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On the Under-Bridge

Holguin-Veras, S; (2007) On the Under-Bridge. Doctoral thesis , UCL (University College London). Green open access

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This study will focus on the reading and interpretation of urban bridges, the spaces created underneath their spans—the 'underbridge condition'—and the different experiences that these spaces generate. City bridges have two distinct types of users—those passing above/through, and those wandering below—and these users engage with two opposing realms of the bridge. The spaces created by bridges are of a special kind of complexity that maintains a delicate balance between the realms by allowing the space to be shared by two user groups, while keeping them disconnected. The focus of this report is on the 'below' users, the 'abject', whose activities elicit a kind of moral disgust in the center of society. By analyzing concepts such as borders, disgust, identity, and the nature of abjection in relation to the underbridge condition, this study will attempt to find a correlation between the materiality of urban bridges and the accumulation of this type of activity. The report will also focus on the social structure of the abject, and will place the underbridge condition within the discourse on the street and place-making in the city. The first portion of the report, entitled The Democracy of the UnderBridge will a) extend the idea of public space from the street to the underbridge, while discussing the three most pressing obstacles for achieving this purpose: psychological borders, the preeminence of the street as loci of urban activities and attention, and issues of disgust and b) discuss the social structure of the abject starting from trust as a common element that holds societies together, passing through a discussion on the role of filth in identity-making, and ending in an interpretation of Foucault's concept of heterotopias as applied to the underbridge condition. The second and third portions of the report will attempt to draw geographies of prostitution and homelessness, as these are elements of abjection that can be consistently found in underbridge spaces. The focus will be on place-making and geographic narratives traced through the pervasiveness of these models of urban depravity and filth. It is important to note the relative difficulty in locating sources that treat the urban abject as a unique group: either the interpretation is too limited (which is the case with specialized studies on one or another kind of abjection—of these there are many) or it is too broad (as is the case with definitions of abjection in relation to racial, gendered, or religious considerations, none of which are of interest to this study). The sources used were chosen for their involvement in the fields of study which I believe can best relate to the underbridge condition as distinct from the concepts of 'the city' and 'the street'. Finally, in order to illustrate the various concepts discussed in the study, photographic evidence has been accumulated throughout the summer of 2007 in the city of Newark, New Jersey. There are also images of Burnside Bridge in Portland, Oregon, and Borough Market and the National Theatre in London. The appendix includes a selection of images that are not part of the text, but will illustrate the concepts discussed in the study.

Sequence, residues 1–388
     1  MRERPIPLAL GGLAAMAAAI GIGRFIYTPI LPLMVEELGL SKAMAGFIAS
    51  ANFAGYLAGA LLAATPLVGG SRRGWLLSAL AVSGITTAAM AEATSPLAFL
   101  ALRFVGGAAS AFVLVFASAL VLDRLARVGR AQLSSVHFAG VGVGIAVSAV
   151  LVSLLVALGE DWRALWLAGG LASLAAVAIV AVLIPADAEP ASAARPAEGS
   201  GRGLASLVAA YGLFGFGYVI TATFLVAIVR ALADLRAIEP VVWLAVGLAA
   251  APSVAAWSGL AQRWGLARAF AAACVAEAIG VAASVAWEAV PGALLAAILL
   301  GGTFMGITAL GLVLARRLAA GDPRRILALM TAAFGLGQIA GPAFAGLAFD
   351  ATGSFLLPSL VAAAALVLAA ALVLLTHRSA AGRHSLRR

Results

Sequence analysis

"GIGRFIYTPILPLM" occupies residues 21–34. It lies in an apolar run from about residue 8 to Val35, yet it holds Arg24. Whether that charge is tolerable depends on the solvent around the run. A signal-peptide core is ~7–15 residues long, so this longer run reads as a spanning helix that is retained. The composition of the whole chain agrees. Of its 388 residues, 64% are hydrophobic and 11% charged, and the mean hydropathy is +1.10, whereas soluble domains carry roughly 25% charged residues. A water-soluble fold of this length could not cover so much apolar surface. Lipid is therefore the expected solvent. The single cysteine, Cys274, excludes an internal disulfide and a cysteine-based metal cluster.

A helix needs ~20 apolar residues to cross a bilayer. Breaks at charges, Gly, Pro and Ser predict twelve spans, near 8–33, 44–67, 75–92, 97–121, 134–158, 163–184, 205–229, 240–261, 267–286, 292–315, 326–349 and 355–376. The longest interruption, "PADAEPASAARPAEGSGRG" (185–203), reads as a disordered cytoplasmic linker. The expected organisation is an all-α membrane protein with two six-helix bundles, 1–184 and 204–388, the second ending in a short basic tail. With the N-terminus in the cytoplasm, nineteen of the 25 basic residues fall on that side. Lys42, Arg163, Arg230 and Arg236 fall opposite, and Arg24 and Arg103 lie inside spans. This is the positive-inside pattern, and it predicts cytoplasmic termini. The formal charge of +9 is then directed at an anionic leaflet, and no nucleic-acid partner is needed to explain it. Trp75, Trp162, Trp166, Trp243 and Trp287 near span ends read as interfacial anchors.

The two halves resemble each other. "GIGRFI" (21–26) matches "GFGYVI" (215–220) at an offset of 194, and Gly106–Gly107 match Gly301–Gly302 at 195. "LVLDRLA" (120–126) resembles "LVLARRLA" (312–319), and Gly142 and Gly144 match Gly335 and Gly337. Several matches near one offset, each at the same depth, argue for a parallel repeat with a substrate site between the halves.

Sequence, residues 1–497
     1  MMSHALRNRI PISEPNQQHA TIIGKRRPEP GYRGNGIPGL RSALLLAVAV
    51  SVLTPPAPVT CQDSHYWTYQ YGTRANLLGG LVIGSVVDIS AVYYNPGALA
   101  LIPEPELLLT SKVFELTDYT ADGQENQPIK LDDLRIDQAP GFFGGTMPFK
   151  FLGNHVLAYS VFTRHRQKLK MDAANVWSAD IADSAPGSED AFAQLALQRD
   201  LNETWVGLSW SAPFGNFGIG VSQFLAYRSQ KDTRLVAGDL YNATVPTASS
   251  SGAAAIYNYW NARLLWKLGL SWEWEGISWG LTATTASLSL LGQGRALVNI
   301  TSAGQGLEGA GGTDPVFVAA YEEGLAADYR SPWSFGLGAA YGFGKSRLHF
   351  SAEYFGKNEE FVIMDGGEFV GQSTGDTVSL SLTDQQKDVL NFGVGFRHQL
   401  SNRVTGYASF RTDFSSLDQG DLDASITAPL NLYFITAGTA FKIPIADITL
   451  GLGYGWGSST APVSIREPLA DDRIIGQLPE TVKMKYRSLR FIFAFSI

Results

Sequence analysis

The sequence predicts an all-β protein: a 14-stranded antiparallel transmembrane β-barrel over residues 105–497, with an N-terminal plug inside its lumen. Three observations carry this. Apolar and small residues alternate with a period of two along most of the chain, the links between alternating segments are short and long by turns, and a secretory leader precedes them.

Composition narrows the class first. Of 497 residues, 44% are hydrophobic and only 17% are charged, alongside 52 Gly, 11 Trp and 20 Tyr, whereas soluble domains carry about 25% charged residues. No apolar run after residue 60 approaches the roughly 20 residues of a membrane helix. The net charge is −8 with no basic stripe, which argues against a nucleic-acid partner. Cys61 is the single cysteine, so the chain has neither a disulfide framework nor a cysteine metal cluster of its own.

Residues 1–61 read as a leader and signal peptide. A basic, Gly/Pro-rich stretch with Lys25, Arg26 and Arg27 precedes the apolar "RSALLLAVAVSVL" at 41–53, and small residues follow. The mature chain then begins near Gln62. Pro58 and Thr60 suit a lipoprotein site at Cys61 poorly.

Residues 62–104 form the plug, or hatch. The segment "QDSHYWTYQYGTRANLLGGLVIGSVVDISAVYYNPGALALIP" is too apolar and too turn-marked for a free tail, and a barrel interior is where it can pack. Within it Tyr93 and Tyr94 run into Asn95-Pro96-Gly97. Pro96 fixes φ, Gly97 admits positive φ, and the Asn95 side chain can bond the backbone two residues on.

Type: Thesis (Doctoral)
Title: On the Under-Bridge
Open access status: An open access version is available from UCL Discovery
Language: English
Additional information: Thesis digitised by ProQuest.
UCL classification: UCL > Provost and Vice Provost Offices > UCL BEAMS > Faculty of the Built Environment > The Bartlett School of Architecture
URI: https://discovery.ucl.ac.uk/id/eprint/1569572
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